Not that long ago Dr Alan Garner described the process for developing Carebundles as part of trying to deliver the best care and measure it at the same time. Here’s the first of the follow-up posts: on TBI.
The isolated severe traumatic brain injury bundle
As a follow up to our blog about Carebundles and their general utility in Prehospital and Retrieval Medicine we thought we might go through each of the bundles that we are using in Sydney and discuss our rationale for why we included the items we did and the evidence base for them. We hope this process will provide us with some open peer review of our criteria across an international cohort of our colleagues which can only be good for us.
The first thing to note is simply a repeat of my previous post. It is hard to get good evidence in the space we work in and much of the data is extrapolated forward from in-hospital practice. Mere geography alone should not affect pathophysiology so this approach is biologically plausible but we acknowledge it is not ideal. To quote from the previous post:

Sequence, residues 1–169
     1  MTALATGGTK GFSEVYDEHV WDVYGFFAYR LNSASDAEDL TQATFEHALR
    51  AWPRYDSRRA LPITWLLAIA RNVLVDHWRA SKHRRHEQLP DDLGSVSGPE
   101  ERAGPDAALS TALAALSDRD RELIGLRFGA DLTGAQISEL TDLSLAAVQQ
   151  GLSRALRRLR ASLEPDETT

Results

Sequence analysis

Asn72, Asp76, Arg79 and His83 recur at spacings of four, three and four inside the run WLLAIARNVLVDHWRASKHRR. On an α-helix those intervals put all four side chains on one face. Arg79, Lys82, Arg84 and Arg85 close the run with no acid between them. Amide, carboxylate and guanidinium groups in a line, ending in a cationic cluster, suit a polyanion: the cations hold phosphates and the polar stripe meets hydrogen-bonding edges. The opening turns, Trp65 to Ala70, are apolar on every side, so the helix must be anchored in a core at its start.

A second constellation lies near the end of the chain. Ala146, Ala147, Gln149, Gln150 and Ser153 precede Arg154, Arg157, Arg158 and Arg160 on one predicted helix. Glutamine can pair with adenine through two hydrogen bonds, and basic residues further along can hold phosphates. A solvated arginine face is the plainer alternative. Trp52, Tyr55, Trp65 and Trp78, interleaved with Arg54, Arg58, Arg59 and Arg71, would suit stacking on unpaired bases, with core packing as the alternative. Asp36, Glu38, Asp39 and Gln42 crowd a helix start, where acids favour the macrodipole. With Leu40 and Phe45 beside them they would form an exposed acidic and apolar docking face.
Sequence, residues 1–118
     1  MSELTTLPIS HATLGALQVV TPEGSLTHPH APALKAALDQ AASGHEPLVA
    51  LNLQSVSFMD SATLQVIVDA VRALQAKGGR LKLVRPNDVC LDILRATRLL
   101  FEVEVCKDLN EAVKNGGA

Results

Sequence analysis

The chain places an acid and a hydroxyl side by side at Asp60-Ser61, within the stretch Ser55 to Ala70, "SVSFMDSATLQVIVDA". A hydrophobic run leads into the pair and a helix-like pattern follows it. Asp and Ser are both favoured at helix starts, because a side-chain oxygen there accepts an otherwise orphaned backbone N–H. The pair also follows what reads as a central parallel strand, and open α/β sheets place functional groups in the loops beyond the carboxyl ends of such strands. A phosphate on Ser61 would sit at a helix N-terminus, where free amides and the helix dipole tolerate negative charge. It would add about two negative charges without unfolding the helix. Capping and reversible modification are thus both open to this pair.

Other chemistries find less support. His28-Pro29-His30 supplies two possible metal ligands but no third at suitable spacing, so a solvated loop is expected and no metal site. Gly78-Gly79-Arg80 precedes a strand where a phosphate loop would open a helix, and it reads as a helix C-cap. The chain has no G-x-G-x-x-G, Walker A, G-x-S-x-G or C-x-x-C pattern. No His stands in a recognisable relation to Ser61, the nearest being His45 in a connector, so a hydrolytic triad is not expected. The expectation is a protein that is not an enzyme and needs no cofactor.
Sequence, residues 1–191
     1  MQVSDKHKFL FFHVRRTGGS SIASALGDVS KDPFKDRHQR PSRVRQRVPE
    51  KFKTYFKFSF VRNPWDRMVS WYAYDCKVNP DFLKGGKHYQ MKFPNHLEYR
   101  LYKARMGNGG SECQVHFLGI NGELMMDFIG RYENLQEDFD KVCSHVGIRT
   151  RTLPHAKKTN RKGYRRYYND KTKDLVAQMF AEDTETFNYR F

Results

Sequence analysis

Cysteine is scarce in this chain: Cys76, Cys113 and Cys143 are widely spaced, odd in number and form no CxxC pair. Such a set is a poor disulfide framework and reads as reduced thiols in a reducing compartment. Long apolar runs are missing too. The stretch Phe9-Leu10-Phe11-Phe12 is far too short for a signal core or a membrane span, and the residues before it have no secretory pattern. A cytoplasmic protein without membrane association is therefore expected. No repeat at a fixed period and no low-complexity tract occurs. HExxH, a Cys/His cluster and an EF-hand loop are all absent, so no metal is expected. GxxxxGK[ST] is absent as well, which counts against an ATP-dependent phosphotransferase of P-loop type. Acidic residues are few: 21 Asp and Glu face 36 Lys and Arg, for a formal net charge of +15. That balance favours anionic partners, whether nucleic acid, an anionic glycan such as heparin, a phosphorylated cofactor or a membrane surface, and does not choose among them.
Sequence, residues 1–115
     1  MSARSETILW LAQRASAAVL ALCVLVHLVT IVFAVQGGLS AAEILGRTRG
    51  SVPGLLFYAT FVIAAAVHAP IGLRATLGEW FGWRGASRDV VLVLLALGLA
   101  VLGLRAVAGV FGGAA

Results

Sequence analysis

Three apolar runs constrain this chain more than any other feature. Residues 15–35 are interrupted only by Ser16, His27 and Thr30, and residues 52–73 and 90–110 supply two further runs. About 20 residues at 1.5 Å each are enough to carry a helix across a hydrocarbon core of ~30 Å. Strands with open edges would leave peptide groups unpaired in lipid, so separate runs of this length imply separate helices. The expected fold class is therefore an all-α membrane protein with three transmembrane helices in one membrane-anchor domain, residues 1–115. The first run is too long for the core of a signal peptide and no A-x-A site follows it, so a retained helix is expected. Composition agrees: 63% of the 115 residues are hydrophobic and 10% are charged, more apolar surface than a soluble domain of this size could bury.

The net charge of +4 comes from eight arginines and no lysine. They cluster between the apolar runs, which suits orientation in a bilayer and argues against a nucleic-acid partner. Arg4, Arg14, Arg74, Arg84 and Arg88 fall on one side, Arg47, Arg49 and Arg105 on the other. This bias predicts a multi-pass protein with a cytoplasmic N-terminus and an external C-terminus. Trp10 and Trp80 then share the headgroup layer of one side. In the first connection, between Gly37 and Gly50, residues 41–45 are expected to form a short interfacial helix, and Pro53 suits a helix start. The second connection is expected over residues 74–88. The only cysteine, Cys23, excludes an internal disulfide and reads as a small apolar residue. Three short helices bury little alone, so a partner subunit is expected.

“We then turned to the evidence based consensus guidelines, Cochrane reviews and good quality RCTs to define the Carebundle items. This is a sobering process as you realise just how few interventions there are that have good evidence to back them up. This is particularly true for prehospital care where we are often operating in an evidence free zone. In many cases we had no choice but to go with the consensus (or best guess as I like to call it). We decided that we would include intubation for unconscious trauma patients for example despite the evidence not being all that strong and in many cases contradictory.”
So let’s look at our bundle items for isolated severe head injury (GCS <9) and why we chose them:
Intubation and mechanical ventilation..